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SSUET budget 2012-13 | Libraries in Pakistan

SSUET's Rs 817 million budget 2012-13 passed
KARACHI: A surplus Rs 817 million budget of Sir Syed University of Engineering and Technology (SSUET) for the fiscal 2012-2013 was passed at a meeting of the institution's Board of Governors held here under the chairmanship of Vice-Chancellor Prof Dr Jawaid Hasan Rizvi.

A spokesman of the university said on Sunday that in the budget the university announced a 20 percent increase in the salaries of its employees while it showed Rs 815 million as current expenditure for the next fiscal.

He said that the budget shows Rs 816.89 million as current income and Rs 814.27 million as current expenditure thus making it surplus by Rs 2.63 million.

According to the salient features, the university will spend Rs 100.52 million on development, Rs 37.6 million on the purchase of additional equipment for laboratories in all the faculties including newly established telecom faculty.

Besides, Rs 16.5 million have been earmarked for financial help to deserving students and staff. The help will come out of profits on endowment fund, while Rs 23.45 million would be spent on construction of new academic block and Rs 9 million for development of new campus/IT park at its 200 acres of land in the upcoming Education City.

The university has earmarked Rs 1.5 million for research projects, Rs 6 million for research by faculty, Rs 1.6 million for PhD graduate programme while Rs 3 million set aside for purchase of new books, research journals and equipment for its library.

As per budget documents some 10,818 students had been awarded degrees in six different engineering disciplines since 1998 to date.

This year, the university allocated Rs 16.5 million for development fund and the accumulated Fund now stands at Rs 88.1 million.

The endowment fund, which was established with an amount of Rs 250 million in 2006 has now soared to Rs 310 million.

The board approved the proposition of academic council according to which syllabus has been amended with respect to the present demands and modern trends.

The board meeting was attended, among others, by Lt Gen (r) Moinuddin Haider, Dr Abdul Qadeer Khan, Prof Dr MD Shami, Justice Fazl-e-Ghani Khan, Engr Muhammad Adil Usman, Cdre (r) Salim A Siddiqui and Provincial Secretary Education. app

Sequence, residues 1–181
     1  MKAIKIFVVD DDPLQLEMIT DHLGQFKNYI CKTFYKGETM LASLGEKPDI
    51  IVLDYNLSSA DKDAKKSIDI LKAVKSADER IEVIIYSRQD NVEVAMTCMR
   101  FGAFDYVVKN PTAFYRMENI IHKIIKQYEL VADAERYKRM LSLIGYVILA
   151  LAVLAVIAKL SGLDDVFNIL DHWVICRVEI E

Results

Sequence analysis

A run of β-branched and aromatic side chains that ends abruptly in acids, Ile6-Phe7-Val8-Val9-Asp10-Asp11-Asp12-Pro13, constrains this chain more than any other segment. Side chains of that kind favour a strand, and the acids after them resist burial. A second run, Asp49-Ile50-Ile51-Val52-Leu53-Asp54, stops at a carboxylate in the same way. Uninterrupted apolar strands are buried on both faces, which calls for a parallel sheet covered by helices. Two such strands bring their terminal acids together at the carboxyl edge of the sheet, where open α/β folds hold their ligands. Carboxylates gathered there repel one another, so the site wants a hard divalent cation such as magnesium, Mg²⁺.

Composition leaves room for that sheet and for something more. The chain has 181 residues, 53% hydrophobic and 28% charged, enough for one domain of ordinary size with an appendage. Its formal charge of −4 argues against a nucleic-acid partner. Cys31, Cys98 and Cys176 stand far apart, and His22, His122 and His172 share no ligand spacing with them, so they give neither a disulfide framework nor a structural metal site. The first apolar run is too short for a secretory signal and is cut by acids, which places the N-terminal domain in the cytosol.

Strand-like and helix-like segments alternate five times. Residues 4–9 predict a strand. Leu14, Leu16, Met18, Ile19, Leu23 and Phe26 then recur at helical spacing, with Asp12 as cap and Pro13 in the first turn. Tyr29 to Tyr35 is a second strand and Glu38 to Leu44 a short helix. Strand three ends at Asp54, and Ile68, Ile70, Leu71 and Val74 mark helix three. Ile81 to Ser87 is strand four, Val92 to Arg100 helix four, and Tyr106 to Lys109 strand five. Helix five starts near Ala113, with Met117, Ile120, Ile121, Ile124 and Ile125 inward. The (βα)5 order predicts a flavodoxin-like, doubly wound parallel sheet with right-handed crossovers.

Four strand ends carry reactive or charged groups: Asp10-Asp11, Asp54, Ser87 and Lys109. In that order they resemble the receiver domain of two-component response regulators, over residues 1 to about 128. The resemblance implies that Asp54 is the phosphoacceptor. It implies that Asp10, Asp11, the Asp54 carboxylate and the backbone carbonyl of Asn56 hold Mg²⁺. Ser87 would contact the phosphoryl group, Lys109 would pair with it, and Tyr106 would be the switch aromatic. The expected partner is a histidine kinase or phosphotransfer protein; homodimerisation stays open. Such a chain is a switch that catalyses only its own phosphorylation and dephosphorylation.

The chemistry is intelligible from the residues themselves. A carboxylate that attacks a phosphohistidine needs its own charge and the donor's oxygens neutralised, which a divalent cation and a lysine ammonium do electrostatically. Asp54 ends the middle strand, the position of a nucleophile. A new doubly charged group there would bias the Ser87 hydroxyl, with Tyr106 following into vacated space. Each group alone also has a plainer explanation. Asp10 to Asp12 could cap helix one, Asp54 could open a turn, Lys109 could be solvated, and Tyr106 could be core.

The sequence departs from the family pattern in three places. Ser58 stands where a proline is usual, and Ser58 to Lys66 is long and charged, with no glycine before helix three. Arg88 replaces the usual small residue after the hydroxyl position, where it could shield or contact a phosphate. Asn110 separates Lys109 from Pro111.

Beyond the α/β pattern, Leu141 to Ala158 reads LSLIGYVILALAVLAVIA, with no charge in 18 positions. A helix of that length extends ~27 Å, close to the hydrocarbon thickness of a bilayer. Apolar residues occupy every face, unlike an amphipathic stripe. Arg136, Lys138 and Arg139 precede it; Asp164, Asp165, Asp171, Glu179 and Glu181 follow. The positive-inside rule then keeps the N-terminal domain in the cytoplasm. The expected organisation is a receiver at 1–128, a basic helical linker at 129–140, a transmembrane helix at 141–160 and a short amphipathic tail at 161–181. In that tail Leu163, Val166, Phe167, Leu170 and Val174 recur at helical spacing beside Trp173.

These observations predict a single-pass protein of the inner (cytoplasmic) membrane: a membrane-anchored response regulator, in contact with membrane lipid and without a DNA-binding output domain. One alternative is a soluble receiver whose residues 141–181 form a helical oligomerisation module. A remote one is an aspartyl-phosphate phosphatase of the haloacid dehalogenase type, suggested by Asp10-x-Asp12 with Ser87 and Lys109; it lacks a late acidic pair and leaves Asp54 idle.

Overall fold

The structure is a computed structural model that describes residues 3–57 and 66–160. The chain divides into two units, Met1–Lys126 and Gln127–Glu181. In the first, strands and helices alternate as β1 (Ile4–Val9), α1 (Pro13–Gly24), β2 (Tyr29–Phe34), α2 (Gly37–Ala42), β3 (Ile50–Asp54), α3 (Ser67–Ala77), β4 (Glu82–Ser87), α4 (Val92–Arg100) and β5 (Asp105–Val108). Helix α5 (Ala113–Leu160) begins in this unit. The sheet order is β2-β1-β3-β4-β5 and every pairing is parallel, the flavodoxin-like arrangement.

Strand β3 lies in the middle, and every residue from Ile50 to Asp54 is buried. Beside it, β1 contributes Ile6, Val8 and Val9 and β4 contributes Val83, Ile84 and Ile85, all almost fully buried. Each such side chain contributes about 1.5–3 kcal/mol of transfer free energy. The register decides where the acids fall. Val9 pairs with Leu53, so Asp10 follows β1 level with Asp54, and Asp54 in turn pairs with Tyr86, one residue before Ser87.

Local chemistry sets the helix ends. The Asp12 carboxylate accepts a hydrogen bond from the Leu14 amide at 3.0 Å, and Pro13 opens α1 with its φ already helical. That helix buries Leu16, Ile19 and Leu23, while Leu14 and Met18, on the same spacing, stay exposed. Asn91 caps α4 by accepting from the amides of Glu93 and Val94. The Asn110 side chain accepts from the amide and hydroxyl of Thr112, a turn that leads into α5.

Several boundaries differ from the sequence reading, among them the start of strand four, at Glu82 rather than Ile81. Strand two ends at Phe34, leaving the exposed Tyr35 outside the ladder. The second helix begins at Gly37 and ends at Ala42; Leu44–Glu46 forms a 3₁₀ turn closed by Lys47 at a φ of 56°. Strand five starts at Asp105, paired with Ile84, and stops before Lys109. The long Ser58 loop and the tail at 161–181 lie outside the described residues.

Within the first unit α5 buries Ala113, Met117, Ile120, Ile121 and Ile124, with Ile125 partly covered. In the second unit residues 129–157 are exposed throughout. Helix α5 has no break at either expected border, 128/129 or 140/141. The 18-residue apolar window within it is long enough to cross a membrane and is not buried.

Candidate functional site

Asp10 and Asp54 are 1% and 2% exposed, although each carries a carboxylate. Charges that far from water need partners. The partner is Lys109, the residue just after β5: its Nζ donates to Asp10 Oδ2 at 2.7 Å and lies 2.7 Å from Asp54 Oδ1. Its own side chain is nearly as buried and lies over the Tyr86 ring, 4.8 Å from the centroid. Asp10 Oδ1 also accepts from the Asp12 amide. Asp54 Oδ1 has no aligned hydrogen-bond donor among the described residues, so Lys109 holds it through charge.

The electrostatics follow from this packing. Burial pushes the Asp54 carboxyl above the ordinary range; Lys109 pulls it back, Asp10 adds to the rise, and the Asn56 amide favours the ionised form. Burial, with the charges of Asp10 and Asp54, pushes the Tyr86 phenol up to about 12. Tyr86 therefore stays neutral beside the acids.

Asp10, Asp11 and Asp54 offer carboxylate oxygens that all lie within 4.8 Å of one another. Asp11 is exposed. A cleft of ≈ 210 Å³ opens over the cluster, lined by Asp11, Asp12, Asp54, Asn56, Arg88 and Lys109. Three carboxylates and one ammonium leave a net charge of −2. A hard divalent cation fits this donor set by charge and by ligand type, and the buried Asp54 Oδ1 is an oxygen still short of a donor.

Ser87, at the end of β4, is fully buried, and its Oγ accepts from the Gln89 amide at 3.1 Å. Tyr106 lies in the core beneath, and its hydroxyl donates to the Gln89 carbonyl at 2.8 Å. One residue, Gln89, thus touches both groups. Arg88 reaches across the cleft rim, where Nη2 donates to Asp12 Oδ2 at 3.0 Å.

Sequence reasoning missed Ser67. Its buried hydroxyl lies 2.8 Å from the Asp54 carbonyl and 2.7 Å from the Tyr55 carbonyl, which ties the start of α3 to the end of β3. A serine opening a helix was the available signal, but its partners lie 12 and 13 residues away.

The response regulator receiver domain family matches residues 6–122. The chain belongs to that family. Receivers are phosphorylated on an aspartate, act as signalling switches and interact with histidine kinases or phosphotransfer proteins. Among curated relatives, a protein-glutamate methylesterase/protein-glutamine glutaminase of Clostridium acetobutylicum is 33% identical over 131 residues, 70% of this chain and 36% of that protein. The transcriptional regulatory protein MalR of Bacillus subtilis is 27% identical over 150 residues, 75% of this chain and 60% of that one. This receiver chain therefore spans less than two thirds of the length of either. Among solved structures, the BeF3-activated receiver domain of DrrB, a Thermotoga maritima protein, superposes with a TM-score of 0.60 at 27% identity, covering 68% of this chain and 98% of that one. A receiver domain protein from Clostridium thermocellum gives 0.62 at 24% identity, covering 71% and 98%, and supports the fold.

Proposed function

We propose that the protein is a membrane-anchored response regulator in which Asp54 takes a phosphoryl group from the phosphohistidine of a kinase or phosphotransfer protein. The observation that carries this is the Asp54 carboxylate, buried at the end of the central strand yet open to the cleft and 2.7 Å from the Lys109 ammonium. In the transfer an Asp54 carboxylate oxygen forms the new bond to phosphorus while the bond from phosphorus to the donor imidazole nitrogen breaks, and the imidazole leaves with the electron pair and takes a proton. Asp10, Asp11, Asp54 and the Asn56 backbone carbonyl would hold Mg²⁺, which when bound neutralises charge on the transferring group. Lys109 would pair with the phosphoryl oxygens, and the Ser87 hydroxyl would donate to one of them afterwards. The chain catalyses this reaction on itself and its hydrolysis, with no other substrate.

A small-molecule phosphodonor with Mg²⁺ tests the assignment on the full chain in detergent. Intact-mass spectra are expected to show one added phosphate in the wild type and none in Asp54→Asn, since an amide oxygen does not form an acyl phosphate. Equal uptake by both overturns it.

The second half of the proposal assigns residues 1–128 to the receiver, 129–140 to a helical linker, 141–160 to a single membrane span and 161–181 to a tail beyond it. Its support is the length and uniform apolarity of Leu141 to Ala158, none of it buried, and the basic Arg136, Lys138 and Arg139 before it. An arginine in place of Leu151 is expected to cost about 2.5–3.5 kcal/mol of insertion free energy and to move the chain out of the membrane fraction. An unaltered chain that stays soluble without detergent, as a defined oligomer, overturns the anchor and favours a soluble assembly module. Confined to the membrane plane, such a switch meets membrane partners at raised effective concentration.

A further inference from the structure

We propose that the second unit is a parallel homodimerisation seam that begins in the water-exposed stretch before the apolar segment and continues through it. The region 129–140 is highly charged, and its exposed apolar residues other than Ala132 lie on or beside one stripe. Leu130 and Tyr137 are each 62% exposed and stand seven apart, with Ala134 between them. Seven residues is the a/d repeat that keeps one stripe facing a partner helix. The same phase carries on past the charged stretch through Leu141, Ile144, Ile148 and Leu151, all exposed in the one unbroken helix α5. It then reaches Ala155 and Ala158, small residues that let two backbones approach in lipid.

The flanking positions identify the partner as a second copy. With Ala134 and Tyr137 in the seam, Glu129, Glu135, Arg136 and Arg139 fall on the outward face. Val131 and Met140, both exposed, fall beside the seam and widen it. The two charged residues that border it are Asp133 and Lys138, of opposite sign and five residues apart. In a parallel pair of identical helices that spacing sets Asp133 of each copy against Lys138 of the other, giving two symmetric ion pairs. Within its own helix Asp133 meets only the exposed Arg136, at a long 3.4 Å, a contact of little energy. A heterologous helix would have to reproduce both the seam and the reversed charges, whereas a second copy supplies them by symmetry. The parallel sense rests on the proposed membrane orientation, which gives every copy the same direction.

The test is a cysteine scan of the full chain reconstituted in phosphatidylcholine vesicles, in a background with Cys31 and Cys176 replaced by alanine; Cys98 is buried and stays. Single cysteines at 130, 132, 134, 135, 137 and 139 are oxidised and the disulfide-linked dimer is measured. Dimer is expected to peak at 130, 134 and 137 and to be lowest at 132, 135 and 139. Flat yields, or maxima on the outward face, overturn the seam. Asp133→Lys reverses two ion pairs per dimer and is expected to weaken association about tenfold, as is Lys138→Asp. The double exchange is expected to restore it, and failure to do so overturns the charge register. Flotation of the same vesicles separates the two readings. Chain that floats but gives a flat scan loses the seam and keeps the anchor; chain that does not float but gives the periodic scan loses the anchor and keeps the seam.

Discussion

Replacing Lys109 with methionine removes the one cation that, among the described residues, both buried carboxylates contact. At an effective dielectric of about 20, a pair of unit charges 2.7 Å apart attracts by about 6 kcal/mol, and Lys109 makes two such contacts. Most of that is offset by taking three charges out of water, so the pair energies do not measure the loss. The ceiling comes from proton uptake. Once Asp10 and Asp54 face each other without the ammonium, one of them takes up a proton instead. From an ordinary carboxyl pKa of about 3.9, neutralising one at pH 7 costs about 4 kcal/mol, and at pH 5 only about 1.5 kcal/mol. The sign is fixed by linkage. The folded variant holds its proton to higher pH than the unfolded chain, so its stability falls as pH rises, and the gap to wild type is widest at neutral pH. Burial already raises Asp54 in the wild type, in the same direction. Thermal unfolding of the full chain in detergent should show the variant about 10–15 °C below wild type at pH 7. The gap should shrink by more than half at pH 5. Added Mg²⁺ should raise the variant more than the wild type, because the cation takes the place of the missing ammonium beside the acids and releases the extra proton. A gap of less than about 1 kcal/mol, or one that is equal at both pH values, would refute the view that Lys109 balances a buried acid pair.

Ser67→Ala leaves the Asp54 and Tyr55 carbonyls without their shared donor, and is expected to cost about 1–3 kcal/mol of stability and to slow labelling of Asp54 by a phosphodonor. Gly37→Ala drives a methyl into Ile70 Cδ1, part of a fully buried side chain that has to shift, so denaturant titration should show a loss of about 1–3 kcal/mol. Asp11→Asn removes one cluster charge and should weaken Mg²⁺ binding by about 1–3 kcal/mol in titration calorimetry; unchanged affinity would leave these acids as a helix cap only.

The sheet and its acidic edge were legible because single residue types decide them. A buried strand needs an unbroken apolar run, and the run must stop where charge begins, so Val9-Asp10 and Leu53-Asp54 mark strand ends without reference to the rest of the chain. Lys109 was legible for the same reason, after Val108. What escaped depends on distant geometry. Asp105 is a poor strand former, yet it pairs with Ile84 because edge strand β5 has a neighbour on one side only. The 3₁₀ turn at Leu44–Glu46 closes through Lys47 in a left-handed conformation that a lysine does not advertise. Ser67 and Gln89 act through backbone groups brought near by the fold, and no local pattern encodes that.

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Libraries, reading habits and publishing in Pakistan
"Egypt writes, Lebanon publishes and Iraq reads", was the mantra that used to succinctly describe the publishing industry and reading habits in the Arab world.

The problem with this mantra was that it was considered a bit trite. Then a survey a few years ago added a new dimension, rendering the old notions outdated, too. The survey revealed that the UAE was the 'most reading country in the Arab world', with Lebanon following closely behind. In the realm of publishing, Egypt, Qatar and the UAE had risen from the ranks to join Lebanon. As for writing skills, though Egypt's supremacy was unchallenged till then, according to the survey, the 'most reading Arab countries,' such as the UAE, Lebanon, Jordan, Kuwait and the Kingdom of Saudi Arabia, might pose some threat in the future, as these countries had left Egypt far behind in the field of reading.

During the communist era, Soviet Union claimed to be the most reading country in the world, but that indeed included a plethora of books on communist ideology. The Soviets used to publish translations in many languages and I still remember buying some Urdu books, printed in the USSR, from a roadside bookseller dealing in second-hand books. One of them was Urdu translation of Maxim Gorky's 'Mother'. But that was some two decades ago. Those translations in many languages meant for overseas readers might have qualified the Soviets as 'the most printing' nation but not 'the most reading' nation of the world.

Yet one feels the Soviets must have ranked much high on the table that reflected most reading nations, as in the Soviet era, for Moscow's population of about eight million, there were some 4,000 libraries.

After reading these statistics about the Arab world and Moscow, I naturally thought of Pakistan, particularly Karachi. How many libraries do we have in Karachi for a population of about twice as much? And the mantra for Pakistan could be something like: Lahore writes, Lahore publishes and Lahore reads.

As for reading habits in Pakistan, a Gallup survey revealed a few years ago that about 25 per cent of Pakistanis read. The optimistic survey concluded that it was quite encouraging, considering the literacy rate that was hovering around 55 per cent at that time. Some believe that since then the literacy rate has gone up to 59 per cent in our beloved country. But the 'definition' of literacy is quite different in Pakistan and it says that anybody who has elementary reading skills, such as ability to read newspaper headlines, should be considered literate. In other words, the real literacy rate is much lower than the perceived 59 per cent. That makes it all the more encouraging and optimistic.

Do Pakistanis really read that much? I am not sure, but I can tell you that quite a few publishers are doing a roaring business in the country. Those 'God's chosen few' are the ones who are smart enough to have been chosen by some bureaucrats as well.

They publish, say, 1,000 copies of a book and find some good bureaucrats. Yes, believe me! Just like cops, there are good bureaucrats and bad bureaucrats, too. The good ones are those who tell these publishers that they are well-read, cultured and understand the importance of libraries and literature. They are always willing to promote reading habits in our beloved country by helping some publishers. Through the magnanimity, cultured-mindedness and courtesy of these 'rightly placed' bureaucrats a few hundred copies of these books are purchased by our culture-loving, beloved government. In the case of the province of Punjab, this figure may go as high as 700 copies as there are more government libraries in Punjab (don't even think of comparing these figures with the libraries in Moscow, ah, those infidels!).